Potassium is an alkali metal used mainly in the fertilizer industry. The principal use of potash is as an agricultural fertilizer (plant nutrient) because it is a source of soluble potassium, which is one of the three primary plant nutrients required for plant growth and maturation; the others are fixed nitrogen and soluble phosphorus. Potash and phosphorus are mined products, and fixed nitrogen is produced from the atmosphere using industrial processes. Modern agricultural practice uses large amounts of these primary nutrients and additional nutrients, such as boron, calcium, chlorine, copper, iron, magnesium, manganese, molybdenum, sulfur, and zinc, to ensure plant health and proper maturation. The three major plant nutrients have no cost-effective substitutes. Low-nutrient-content alternative potash sources, such as animal manure and guano, bone meal, compost, glauconite, and “tankage” from slaughterhouses, are available, but the cost of transportation per metric ton of nutrient beyond relatively short distances can reduce their desirability.
In addition to its use as a fertilizer, potassium chloride is important in industrialized economies, where it is used in aluminum recycling, by the chloralkali industry to produce potassium hydroxide, in metal electroplating, oil-well drilling mud, snow and ice melting, steel heat-treating, and water softening. Potassium hydroxide is used for industrial water treatment and is the precursor of potassium carbonate, several forms of potassium phosphate, many other potassic chemicals, and soap manufacturing. Potassium carbonate is used to produce animal feed supplements, cement, fire extinguishers, food products, photographic chemicals, and textiles. It is also used in brewing beer, pharmaceutical preparations, and as a catalyst for synthetic rubber manufacturing. Generally, these nonfertilizer uses have accounted for about 15% of annual potash consumption in the United States.
Domestic Production and Use: In 2010, the production value of marketable potash, f.o.b. mine, was about $540 million. Potash was produced in Michigan, New Mexico, and Utah. Most of the production was from southeastern New Mexico, where two companies operated three mines. New Mexico sylvinite and langbeinite ores were beneficiated by flotation, dissolution-recrystallization, heavy-media separations, or combinations of these processes, and provided more than 75% of total U.S. producer sales. In Utah, which has three operations, one company extracted underground sylvinite ore by deep-well solution mining. Solar evaporation crystallized the sylvinite ore from the brine solution, and a flotation process separated the potassium chloride (muriate of potash or MOP) from byproduct sodium chloride. Two companies processed surface and subsurface brines by solar evaporation and flotation to produce MOP, potassium sulfate (sulfate of potash or SOP), and byproducts. In Michigan, one company used deep-well solution mining and mechanical evaporation for crystallization of MOP and byproduct sodium chloride.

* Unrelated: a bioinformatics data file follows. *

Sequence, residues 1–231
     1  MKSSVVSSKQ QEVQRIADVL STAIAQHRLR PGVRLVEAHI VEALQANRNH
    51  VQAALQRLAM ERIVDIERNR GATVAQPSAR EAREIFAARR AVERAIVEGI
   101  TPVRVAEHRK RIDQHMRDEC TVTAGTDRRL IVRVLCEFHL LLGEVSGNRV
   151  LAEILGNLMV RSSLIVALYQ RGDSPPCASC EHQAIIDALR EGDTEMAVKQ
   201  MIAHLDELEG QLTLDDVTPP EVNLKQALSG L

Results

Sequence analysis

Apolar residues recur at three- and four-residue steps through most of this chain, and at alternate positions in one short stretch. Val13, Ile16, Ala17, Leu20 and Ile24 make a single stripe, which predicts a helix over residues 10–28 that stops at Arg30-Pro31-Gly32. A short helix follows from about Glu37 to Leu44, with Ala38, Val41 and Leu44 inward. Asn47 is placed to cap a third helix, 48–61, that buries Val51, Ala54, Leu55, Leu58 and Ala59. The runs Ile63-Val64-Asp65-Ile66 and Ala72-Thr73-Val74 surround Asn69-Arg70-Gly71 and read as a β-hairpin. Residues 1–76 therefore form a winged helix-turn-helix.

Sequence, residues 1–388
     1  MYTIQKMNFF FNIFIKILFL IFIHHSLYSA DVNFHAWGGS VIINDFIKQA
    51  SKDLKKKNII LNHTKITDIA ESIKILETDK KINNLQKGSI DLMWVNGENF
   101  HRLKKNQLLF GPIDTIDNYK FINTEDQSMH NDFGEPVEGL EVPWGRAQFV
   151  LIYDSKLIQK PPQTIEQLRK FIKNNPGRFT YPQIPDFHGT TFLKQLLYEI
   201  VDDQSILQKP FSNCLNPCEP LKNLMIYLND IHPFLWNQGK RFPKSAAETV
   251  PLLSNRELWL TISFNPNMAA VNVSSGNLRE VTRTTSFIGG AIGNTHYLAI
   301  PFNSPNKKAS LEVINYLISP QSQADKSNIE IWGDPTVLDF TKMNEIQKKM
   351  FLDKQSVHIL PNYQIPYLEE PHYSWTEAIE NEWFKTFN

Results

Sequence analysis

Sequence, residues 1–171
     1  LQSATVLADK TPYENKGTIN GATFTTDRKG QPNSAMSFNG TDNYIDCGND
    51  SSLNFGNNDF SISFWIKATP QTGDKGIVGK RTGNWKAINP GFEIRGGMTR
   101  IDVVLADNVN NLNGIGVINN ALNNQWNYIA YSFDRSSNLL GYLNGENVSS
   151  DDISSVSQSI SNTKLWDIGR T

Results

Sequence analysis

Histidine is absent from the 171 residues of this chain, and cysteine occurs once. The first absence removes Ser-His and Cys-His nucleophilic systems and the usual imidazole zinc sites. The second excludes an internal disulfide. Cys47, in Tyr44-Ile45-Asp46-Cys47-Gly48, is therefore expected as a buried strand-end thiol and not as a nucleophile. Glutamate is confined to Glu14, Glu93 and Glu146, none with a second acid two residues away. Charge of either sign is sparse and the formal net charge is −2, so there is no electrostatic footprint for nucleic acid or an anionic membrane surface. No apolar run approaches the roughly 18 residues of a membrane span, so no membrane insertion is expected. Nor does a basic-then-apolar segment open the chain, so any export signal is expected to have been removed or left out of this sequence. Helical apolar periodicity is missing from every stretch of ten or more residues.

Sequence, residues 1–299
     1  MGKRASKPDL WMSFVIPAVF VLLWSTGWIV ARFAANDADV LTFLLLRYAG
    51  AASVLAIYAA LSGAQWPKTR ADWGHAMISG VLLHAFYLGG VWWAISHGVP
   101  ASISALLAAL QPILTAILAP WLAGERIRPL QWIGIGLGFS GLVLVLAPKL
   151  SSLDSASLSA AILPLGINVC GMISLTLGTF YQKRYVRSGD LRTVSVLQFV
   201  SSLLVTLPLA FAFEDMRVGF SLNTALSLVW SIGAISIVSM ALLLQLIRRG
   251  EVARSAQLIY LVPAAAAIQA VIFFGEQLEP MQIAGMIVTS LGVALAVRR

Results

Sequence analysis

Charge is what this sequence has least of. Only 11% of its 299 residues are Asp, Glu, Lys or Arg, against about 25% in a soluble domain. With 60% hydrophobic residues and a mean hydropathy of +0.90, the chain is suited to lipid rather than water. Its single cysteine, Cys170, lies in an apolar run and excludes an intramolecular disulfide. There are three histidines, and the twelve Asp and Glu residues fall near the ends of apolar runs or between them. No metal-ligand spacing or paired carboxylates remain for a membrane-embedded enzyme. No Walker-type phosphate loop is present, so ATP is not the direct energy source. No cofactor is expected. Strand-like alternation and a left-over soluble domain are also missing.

The fertilizer industry used about 85% of U.S. potash sales, and the chemical industry used the remainder. More than 60% of the produced potash was MOP. Potassium magnesium sulfate (sulfate of potash-magnesia or SOPM) and SOP, which are required by certain crops and soils, also were produced.
Events, Trends, and Issues: In 2009, U.S. production was at its lowest point since 1943, and consumption was at the lowest point since 1962. World production was at its lowest level since 1993. In 2010, world potash markets began to recover after potash sales had collapsed from the combined effects of the world economic downturn, high prices, and weak demand.